2. Anonymous Coward
      Anonymous Coward

      Re: ...and another thing

      No you won't. Most companies want employees or long term contractors. Not day workers. The few that don't are already using Fiverr, et al.

  13. arachnoid2

    Sitting on the loo for an hour

    Has not quite the same feeling doing it at home as doing it at work, whilst someone else does your work ........

  14. TeeCee Gold badge

    "team collaboration, customer meetings, and presentations"

    I suppose with a name like "Salesforce" they were always going to be trying to sell something. I'm just surprised it's Powerpoint.

    1. arachnoid2


      That sounded like SpaceFarce for a minute

  15. Anonymous Coward
    Anonymous Coward

    Either, or... nah.

    Many people seem to be under the impression that WFH is an either/or proposition. It isn't. Depending on your job, your character, your preferences and your sanity **you do both**. Arguing for or against WFH is then a moot point. You can be at home some/most/varying time to get on with sh*t and avoid the commute, and other times in the office to be social (even if just 'because I need this right now') or do things that need to be done there. In the OP, Salesforce seem to be implying that the *majority* of people are likely to do both, probably with some ebb and flow of course, and that only those too-far-away will go full WFH and the 'smallest' group being in all the time. On the subject of mixing work-and-pleasure and time overlapping, that's nothing new - people just need to learn to have and manage their lives and NOT be a slave to the office desk beyond 5:30 on a regular basis. That doesn't change whether you're at home or work in a tower block. The one joy of WFH is that you can be flexible with your time during the day. I've been 2-day WFH for twenty years, and pretty permanently since last March with just occasional and necessary forays in to the office. The future will be somewhere inbetween I'm sure. This is the way.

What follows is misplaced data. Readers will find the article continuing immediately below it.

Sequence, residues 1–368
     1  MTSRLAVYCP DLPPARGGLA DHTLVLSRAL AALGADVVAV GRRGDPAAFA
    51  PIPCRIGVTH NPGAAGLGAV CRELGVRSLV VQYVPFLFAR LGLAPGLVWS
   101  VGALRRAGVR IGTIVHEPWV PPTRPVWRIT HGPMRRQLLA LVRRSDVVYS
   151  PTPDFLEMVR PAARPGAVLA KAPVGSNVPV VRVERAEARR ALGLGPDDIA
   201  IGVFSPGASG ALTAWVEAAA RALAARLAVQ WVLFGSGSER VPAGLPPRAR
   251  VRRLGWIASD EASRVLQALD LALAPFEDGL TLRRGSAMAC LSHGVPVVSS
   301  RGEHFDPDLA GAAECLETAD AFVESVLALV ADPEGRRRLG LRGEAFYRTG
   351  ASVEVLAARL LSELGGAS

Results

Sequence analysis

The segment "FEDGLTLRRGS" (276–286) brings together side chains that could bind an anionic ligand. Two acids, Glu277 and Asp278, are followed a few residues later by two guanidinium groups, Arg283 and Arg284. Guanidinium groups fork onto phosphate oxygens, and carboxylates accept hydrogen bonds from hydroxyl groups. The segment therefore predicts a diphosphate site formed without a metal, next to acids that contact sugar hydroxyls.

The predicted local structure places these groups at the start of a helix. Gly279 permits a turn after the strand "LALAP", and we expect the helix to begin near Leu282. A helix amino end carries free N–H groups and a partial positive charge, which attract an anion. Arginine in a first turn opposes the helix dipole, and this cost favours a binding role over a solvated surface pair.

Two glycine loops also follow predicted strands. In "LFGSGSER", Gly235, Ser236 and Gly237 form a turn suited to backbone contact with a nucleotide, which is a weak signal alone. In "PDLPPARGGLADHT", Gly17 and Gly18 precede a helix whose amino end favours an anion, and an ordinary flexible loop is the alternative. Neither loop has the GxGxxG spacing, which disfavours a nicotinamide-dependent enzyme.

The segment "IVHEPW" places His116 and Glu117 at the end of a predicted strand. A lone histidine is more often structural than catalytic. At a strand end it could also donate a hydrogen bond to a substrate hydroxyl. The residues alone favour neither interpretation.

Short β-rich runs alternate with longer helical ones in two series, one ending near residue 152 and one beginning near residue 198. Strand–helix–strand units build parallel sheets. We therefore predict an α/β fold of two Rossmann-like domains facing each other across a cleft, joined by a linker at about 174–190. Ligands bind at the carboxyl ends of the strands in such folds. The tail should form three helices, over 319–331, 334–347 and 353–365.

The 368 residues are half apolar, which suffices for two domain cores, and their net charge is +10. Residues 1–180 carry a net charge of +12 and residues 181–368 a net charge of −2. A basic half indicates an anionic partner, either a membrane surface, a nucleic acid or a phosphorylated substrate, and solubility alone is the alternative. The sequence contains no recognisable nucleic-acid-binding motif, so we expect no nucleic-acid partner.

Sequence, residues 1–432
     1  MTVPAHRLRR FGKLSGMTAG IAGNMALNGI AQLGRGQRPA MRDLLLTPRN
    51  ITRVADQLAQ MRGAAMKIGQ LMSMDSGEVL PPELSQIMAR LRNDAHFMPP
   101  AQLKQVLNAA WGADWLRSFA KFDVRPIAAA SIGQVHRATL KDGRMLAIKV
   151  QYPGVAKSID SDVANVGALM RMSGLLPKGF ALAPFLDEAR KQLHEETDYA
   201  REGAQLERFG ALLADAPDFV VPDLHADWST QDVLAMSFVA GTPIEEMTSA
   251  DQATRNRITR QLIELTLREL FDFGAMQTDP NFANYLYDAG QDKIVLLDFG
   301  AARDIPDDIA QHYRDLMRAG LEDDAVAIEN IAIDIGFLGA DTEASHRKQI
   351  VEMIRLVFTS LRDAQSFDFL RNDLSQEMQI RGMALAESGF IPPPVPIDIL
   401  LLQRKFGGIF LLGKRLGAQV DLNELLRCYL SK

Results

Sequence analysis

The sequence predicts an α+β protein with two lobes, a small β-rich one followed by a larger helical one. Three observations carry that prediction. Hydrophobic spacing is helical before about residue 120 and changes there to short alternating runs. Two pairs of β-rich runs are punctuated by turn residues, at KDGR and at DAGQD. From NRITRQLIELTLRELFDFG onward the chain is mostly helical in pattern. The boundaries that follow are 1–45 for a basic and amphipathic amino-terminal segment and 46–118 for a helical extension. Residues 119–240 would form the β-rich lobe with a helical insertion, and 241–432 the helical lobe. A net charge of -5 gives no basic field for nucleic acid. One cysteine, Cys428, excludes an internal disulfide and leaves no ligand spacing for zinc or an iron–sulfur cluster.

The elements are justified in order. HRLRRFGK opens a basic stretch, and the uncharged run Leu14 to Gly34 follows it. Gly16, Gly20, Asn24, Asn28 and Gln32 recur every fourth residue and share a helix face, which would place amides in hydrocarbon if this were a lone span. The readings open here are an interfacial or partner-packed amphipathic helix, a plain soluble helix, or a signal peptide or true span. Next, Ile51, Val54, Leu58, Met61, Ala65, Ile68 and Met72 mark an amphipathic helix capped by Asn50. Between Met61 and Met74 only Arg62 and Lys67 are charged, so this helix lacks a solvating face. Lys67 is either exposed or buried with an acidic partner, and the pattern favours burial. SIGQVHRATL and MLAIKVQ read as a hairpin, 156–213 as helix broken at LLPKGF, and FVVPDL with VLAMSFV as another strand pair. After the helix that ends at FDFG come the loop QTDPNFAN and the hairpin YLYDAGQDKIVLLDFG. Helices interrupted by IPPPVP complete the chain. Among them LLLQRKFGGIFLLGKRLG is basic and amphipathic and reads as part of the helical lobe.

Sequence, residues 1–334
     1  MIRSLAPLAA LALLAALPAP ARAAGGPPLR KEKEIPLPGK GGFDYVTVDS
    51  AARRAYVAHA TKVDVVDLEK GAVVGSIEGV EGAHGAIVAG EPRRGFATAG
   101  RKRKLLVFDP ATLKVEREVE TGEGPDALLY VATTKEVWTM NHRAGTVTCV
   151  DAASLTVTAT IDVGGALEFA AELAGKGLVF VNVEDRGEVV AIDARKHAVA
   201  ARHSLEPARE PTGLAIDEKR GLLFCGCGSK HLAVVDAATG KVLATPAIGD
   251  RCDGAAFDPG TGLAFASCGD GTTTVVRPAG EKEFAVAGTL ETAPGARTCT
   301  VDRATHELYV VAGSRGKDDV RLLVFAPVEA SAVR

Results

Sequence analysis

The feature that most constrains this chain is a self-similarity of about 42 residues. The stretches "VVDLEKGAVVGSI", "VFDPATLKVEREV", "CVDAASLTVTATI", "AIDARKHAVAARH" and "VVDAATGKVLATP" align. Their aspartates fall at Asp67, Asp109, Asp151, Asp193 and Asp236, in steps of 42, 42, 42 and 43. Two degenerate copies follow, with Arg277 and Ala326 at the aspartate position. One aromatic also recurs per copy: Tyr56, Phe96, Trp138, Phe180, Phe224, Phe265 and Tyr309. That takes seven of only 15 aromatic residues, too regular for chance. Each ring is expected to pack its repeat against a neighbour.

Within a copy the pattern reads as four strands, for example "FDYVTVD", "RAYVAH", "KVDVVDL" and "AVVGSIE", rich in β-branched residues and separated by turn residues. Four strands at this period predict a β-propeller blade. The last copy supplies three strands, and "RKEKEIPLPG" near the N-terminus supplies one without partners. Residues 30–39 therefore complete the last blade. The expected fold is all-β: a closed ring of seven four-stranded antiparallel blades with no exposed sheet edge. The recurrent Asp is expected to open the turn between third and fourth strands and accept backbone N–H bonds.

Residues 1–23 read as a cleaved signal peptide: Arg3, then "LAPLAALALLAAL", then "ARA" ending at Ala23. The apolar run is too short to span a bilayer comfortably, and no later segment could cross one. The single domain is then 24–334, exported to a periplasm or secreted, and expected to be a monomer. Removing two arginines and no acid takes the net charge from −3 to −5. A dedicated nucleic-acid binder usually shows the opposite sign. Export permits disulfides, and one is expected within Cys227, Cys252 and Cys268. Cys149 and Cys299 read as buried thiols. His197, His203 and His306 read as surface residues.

16. Mark192

    The future is Choice

    As posters above have said, the future is employees free to choose when and where they work as they see fit and the company being flexible and helpful in meeting the changing needs and desires of individual employees.